Mel Gibson as The Beaver (Coming to Home Video)
A man is so depressed that he can’t get out of bed. He’s failing his family, his company, himself. His life not only lacks joy, but also lacks purpose. Absolutely nothing justifies his existence. His wife asks him to move out--although she loves him--he loads his belongings into the trunk of his car, and heads for the liquor store. Finding there is no room in the trunk for the carton of liquor he has just purchased, the man throws some of his possessions into a dumpster where he discovers a discarded puppet.
The man is Walter Black and the puppet is The Beaver. Walter (Mel Gibson in his “comeback” role) checks into a hotel where he unsuccessfully attempts to kill himself. Twice. So begins The Beaver, a dark, dark movie, directed by Jodie Foster, about a man who will do anything to escape the very depths of depression. Walter lets the beaver talk for him.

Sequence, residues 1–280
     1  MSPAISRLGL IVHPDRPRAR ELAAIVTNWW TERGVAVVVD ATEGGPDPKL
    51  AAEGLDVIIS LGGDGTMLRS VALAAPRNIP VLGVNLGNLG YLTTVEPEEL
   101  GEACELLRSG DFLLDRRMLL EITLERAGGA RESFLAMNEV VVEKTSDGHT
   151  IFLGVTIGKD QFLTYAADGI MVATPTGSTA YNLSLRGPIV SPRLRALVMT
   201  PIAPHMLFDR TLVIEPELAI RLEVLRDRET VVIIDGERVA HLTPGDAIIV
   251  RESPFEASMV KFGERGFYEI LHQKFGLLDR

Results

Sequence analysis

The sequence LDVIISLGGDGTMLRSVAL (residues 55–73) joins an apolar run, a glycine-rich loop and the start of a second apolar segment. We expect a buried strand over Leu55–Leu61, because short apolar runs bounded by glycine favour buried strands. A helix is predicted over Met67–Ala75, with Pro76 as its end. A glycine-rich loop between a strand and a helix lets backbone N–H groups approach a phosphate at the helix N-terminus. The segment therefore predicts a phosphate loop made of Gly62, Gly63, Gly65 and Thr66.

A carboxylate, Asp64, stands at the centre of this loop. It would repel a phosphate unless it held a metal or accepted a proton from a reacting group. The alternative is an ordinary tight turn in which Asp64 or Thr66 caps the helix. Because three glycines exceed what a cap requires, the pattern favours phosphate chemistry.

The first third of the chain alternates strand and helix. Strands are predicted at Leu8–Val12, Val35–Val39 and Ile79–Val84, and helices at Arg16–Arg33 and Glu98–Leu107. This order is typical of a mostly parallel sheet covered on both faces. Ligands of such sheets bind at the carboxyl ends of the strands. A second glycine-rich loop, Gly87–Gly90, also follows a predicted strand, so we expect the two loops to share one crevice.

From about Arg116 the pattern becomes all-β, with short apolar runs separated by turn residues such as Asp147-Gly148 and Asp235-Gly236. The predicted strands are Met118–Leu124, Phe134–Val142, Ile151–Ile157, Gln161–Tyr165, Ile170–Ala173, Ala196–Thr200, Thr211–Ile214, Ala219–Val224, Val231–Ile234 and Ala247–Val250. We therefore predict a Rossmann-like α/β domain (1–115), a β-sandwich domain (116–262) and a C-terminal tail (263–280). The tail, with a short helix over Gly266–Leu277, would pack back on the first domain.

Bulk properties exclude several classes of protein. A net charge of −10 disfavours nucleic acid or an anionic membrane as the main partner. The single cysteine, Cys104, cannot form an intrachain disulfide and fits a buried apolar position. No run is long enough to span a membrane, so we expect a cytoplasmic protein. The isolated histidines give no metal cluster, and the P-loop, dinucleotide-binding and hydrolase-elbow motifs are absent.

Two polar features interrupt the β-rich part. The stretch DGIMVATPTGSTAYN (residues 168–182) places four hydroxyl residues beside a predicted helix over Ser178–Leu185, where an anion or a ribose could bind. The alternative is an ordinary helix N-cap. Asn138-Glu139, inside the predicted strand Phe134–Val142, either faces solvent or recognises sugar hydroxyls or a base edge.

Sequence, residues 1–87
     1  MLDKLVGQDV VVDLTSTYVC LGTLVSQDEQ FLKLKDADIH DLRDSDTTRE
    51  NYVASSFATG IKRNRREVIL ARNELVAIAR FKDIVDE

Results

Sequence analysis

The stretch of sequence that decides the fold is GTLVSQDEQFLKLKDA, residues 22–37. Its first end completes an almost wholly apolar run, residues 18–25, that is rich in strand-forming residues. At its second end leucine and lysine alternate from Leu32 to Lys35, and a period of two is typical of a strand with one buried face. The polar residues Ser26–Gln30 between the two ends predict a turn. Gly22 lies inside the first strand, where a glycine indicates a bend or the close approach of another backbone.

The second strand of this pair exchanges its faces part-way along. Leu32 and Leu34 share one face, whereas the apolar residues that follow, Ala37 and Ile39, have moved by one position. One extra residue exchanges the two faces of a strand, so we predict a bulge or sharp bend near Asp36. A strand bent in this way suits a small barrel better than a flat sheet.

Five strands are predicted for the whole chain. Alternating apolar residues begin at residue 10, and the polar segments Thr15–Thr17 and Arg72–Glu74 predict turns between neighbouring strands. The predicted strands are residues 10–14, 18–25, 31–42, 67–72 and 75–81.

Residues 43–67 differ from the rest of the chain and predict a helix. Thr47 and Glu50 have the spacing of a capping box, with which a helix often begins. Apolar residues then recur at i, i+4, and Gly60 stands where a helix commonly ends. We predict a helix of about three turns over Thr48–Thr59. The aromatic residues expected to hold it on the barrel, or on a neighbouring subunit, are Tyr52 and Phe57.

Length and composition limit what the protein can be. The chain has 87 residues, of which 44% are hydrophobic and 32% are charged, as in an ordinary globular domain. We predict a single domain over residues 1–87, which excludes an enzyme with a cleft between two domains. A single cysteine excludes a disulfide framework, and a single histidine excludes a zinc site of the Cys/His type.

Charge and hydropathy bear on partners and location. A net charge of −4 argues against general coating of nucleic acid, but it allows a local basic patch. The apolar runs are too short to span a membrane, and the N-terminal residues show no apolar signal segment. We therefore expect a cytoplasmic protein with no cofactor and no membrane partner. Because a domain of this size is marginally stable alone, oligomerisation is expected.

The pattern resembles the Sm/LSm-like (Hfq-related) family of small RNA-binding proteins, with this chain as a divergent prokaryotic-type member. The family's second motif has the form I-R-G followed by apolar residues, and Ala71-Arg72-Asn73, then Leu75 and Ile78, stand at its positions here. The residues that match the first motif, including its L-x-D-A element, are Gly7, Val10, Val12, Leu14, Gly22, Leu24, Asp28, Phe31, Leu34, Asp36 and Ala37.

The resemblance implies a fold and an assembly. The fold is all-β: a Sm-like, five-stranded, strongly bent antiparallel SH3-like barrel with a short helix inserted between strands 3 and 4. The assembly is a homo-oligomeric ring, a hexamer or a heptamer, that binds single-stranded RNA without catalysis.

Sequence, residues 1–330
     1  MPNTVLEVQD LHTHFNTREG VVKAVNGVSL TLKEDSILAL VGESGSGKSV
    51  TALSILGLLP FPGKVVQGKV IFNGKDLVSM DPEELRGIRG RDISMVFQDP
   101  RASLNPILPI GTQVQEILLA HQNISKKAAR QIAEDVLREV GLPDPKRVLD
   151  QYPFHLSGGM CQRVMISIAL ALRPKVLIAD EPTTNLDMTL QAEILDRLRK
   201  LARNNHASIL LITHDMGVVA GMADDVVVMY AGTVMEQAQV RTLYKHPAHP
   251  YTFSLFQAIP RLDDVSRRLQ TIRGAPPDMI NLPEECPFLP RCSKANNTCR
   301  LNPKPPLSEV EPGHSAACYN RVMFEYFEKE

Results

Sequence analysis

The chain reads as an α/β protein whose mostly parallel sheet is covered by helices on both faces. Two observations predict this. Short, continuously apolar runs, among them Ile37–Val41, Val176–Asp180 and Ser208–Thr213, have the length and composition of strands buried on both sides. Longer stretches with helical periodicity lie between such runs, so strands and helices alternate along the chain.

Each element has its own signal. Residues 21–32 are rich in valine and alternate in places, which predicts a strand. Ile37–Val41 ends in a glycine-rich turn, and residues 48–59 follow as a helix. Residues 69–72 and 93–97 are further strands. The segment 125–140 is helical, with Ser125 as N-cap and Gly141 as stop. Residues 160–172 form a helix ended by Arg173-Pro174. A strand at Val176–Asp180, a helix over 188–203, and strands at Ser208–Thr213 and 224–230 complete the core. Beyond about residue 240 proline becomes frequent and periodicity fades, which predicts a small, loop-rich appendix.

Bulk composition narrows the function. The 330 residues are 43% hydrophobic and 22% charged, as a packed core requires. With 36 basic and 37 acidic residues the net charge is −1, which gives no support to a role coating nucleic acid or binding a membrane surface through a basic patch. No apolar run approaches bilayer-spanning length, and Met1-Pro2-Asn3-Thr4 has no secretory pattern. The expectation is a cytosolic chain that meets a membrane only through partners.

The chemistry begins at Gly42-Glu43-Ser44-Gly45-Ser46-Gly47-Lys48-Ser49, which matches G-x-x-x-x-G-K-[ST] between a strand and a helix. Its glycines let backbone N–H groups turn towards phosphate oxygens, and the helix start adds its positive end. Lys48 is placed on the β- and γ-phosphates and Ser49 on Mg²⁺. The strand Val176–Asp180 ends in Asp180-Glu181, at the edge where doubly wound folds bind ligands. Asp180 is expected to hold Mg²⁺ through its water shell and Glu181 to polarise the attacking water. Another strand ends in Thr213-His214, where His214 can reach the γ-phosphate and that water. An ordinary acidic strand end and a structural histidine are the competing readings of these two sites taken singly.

The puppet is not enchanted or possessed, and does not have a life independent of Walter. When the puppet speaks, although it is in a different voice and accent, Walter’s mouth is moving. Pretending it’s a new type of therapy, Walter convinces people to talk to the puppet instead of directly to him.
With the earmarks of a comedy, The Beaver is a serious study of a seriously dysfunctional man, and is not played for laughs, although not humorless. Jodie Foster brings sensitivity to the role of Walter’s wife, Meredith, who is trying so hard to accommodate his new “therapy” after allowing Walter to move back home. Her breaking point comes when they go out to celebrate their twentieth anniversary…and the beaver accompanies them.
Interestingly, Walter’s life improves when he allows the beaver to speak for him, but things devolve as Walter begins to believe the beaver is not a puppet and does have a personality of its own. The Beaver is wholly original, complex, and well acted, with fine supporting performances from Anton Yelchin as Walter’s son, Porter, and Jennifer Lawrence as Porter’s friend, Norah. It arrives on DVD, Video on Demand, and Blu-ray August 23, 2011.